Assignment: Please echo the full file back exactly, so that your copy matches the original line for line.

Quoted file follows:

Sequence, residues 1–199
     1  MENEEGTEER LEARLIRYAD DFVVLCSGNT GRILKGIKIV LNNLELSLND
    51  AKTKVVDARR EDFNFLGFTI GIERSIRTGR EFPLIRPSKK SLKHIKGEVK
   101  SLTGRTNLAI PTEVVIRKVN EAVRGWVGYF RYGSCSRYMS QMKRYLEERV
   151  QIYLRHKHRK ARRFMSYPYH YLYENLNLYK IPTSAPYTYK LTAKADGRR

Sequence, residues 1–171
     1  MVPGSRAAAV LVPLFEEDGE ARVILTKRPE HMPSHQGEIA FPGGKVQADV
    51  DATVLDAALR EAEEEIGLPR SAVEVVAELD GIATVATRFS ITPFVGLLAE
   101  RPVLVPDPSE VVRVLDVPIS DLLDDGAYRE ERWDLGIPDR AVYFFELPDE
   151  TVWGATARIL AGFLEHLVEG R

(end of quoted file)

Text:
Sequence, residues 1–199
     1  MENEEGTEER LEARLIRYAD DFVVLCSGNT GRILKGIKIV LNNLELSLND
    51  AKTKVVDARR EDFNFLGFTI GIERSIRTGR EFPLIRPSKK SLKHIKGEVK
   101  SLTGRTNLAI PTEVVIRKVN EAVRGWVGYF RYGSCSRYMS QMKRYLEERV
   151  QIYLRHKHRK ARRFMSYPYH YLYENLNLYK IPTSAPYTYK LTAKADGRR

Sequence, residues 1–171
     1  MVPGSRAAAV LVPLFEEDGE ARVILTKRPE HMPSHQGEIA FPGGKVQADV
    51  DATVLDAALR EAEEEIGLPR SAVEVVAELD GIATVATRFS ITPFVGLLAE
   101  RPVLVPDPSE VVRVLDVPIS DLLDDGAYRE ERWDLGIPDR AVYFFELPDE
   151  TVWGATARIL AGFLEHLVEG R